Hello there! How was your weekend? It felt like all the best fairs and shows were taking place this last week+weekend: 100% Design at the London Design Festival, Kirstie Alsopp’s Handmade Fair, Decorex, The London Foodie Wedding Fair… We wish we could’ve been to all of them but there aren’t enough days in a weekend!! 😦 We did make it to a couple though, which were fun and energising, and we’ll post about them here soon!
Meanwhile, we’ve been wanting to feature posts to draw inspiration/ideas from beyond the UK, so we have invited the lovely Rossella Di Bidino (author of Ma che ti sei mangiato) to share with us some of her favourite spots and buildings in her city, Rome. First up, Via Giulia. Take it away, Rossella!
Via Giulia. A never ending story.
I have the honour and the pleasure of walking along Via Giulia almost every day. It’s an endless love affair; she, Giulia is a female name in Italian, is always gentle, noble, and able to hide her age.
More than 500 years ago, Via Giulia was just an idea in Pope Julius II’s mind. Via, or Strada, Giulia was one of the first experiments of urban planning. The aim was to guarantee a direct and easier connection between the Vatican, Palazzo Farnese and major institutional buildings of 16th century in Rome. The Farnese Arch was expected to connect Palazzo Farnese with Villa Farnesina on the other side of Tiber. Pope Julius II commissioned the project to the famous Italian architect, Donato Bramante, who worked with other well-known designers: Raffaello lived and worked in Strada Giulia, while Michelangelo worked on the project of Farnese Arch.
Some history about the place:
Once upon a time, one could find bears, acrobats, concerts all along the Via Giulia. At the beginning of the ‘80s, the Friends of Via Giulia Association decided to make her a central part of Roman life, and received the support of Renato Nicolini, an important figure in Rome’s cultural life.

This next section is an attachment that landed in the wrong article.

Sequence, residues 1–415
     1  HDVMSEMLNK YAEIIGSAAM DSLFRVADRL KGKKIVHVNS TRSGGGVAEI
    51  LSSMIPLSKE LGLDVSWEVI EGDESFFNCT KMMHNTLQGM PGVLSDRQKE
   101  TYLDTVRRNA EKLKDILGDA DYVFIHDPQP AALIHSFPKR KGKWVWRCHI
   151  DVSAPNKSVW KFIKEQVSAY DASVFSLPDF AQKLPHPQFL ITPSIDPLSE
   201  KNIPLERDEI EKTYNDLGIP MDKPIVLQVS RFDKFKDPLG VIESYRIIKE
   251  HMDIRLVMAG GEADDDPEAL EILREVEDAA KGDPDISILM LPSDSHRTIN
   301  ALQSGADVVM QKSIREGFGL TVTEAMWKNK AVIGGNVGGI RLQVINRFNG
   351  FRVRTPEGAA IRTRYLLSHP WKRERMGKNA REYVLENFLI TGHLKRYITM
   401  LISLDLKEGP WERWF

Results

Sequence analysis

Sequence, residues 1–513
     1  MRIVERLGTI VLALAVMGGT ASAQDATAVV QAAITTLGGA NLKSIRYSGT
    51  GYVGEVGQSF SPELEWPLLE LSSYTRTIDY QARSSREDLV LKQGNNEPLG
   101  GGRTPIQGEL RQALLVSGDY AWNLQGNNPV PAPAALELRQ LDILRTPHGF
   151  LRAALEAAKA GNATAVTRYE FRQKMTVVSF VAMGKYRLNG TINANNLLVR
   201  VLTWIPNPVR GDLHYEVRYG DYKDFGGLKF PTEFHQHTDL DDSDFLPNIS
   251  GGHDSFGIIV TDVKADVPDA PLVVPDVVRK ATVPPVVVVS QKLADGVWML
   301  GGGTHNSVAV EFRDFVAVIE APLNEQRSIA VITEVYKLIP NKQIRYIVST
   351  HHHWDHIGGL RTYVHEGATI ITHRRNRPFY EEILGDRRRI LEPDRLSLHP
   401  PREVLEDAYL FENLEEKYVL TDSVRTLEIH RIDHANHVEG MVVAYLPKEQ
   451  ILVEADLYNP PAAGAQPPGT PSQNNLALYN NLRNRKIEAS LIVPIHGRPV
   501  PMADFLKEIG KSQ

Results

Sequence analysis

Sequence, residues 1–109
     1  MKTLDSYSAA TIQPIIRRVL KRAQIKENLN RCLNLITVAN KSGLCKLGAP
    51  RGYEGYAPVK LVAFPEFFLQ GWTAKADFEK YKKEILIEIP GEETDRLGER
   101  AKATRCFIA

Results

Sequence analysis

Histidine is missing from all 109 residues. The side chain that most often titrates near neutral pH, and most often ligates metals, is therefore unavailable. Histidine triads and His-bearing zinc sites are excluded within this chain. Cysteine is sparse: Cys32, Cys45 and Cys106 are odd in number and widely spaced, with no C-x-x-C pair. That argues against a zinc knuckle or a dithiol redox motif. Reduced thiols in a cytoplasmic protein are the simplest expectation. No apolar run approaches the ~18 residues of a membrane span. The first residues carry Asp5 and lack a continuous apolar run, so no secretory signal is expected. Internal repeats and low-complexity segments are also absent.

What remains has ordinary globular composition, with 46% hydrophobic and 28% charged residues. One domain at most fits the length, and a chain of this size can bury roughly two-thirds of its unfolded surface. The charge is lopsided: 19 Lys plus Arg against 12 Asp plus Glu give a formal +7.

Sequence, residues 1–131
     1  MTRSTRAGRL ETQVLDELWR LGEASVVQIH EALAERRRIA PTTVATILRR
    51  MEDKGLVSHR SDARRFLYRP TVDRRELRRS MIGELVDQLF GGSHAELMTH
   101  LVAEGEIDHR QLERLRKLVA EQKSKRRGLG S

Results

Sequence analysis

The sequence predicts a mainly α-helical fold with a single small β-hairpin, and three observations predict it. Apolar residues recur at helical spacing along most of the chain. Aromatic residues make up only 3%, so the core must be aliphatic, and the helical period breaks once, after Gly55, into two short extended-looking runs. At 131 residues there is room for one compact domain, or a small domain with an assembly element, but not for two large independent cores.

In May and June, free classical concerts were organized in Via Giulia’s hidden courtyards and churches. In the same years for some days the street was animated with jugglers, clowns and acrobats. In Piazza Farnese you could face a bear on a ring. Unbelievable! During the Christmas season, in windows of antique shops cribs from all over the world arrived. Those years were crucial for the current “fama” (reputation) of Via Giulia.
Now, in the 21st century, Via Giulia is a straight, one kilometer street. Alas the bridge that connect it with Vatican was lost a long time ago. You can, however, still admire the Farnese Arch, even thought it no longer reaches the other bank of the River Tiber.
When you do visit the Strada Giulia, you will probably take the same walk that I do every day!
Look out for:
- Hungarian Academy at no. 1. The enormous white building pretty closed to the Arch was made on a project signed by Borromini;
- Not less elegant, but on the other end of Via Giulia, S. Giovanni dei Fiorentini Church hosts Borromini’s grave, which was mentioned in Dan Brown’s “Angels and Demons”;
- Take a look at Raffaello’s place, Palazzo Sacchetti, which has changed many times over the centuries;
- If you need an aperitivo or just a quick drink, stay on Via Giulia. You can choose between a roof garden at Hotel Indigo or a quick stop at Da Alfredo Caffè;
- Finally, try to peer inside buildings and archways, and imagine a piano playing inside the now silent courtyards.
Places to Stay
Thank you for showing us round your favourite street! We loved Rome so much the last time we were there, can’t wait to go back!
Images: Rosella Di Bidino